Historic Lincoln Tunnel Undergoes Rehab
November 26, 2012
Work is currently under way to repair the aging Lincoln Tunnel "Helix," including overnight closures on this critical link between New York and New Jersey that will last for about a year.
Lincoln Tunnel, New Jersey side approach and the Helix, circa 1955.
The Lincoln Tunnel is one of the busiest crossings in the world, carrying over 40 million vehicles per year. The Helix, which resembles a corkscrew dug straight into the earth, is about 74 years old. This 360-degree spiral funnels tens of millions of drivers each year into the mile-and-a-half long tubes leading from Weekhawken, N.J., to midtown Manhattan.
The roadway is need of many repairs. As the New Jersey Star-Ledger puts it,
"There are so many craters, Buzz Aldrin would feel at home on it. The concrete median barrier is crumbling like a chocolate chip cookie."
About one year ago, the Port Authority Board of Commissioners approved extensive, three-year-long construction project to repair the Lincoln Tunnel Route 495 roadway.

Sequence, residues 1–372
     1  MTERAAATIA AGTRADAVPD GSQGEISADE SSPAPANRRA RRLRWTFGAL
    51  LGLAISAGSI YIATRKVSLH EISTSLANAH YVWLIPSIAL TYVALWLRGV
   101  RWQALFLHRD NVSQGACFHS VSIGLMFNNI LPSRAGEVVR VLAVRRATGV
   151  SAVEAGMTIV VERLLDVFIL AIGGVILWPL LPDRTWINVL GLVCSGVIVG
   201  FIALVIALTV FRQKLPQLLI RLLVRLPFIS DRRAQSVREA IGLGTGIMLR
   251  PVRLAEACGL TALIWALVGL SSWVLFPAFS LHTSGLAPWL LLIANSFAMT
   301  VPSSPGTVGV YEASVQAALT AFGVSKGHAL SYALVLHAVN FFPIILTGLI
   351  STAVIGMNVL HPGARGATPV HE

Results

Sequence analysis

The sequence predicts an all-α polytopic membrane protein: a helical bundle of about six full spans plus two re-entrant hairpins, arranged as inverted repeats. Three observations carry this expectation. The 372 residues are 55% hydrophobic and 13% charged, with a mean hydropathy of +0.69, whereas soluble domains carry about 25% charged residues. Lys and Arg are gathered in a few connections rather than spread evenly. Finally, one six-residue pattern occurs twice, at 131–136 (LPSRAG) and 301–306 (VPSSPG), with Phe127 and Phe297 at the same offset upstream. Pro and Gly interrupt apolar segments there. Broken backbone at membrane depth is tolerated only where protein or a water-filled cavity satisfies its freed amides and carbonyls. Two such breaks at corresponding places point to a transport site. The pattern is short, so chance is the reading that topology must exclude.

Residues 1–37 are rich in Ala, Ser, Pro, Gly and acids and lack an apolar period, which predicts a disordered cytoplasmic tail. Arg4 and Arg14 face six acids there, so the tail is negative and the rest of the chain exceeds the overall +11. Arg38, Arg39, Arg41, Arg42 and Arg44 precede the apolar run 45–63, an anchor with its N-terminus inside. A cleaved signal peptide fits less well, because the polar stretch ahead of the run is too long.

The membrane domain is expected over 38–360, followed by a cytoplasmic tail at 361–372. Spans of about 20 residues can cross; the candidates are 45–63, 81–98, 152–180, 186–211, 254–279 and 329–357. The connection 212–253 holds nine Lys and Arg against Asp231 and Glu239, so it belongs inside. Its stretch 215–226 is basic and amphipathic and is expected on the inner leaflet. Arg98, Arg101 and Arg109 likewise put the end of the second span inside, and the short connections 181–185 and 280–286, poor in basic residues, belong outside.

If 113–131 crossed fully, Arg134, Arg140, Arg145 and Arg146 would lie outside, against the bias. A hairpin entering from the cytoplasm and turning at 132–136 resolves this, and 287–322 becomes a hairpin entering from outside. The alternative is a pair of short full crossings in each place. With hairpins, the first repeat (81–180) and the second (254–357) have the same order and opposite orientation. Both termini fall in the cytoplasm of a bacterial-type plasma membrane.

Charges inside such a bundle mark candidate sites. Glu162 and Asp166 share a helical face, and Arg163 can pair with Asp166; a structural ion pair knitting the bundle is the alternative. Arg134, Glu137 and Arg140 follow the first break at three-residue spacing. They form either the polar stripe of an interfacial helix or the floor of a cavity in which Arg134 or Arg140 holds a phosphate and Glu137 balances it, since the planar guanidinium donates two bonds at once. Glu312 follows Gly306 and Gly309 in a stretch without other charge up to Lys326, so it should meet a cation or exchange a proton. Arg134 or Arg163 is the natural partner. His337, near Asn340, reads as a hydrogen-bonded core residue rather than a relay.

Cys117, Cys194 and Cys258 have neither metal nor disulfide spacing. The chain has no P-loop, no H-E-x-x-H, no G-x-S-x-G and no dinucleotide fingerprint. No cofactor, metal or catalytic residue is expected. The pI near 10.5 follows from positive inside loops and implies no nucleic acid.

During an $88 million construction project on Route 495 East in Weehawken, sections of the concrete deck are being rehabilitated and the entire riding surface is being milled and repaved.
The Lincoln Tunnel Helix Rehabilitation Project began in March on the underside of the roadway, and the full project began in August. The roadway will be closed during off-peak, nighttime hours for the next three years until the project is complete.
Port Authority officials are urging drivers to seek alternate routes.
"The Port Authority is committed to keeping this important public infrastructure operational and in good repair," says the Port Authority's website.
"Performing work at a time when traffic is at its lightest will cause the least impact to most commuters, workers, travelers, and businesses. Since the tunnel roadway undergoes heavy traffic use during the daytime, the roadway repairs will be conducted during overnight hours."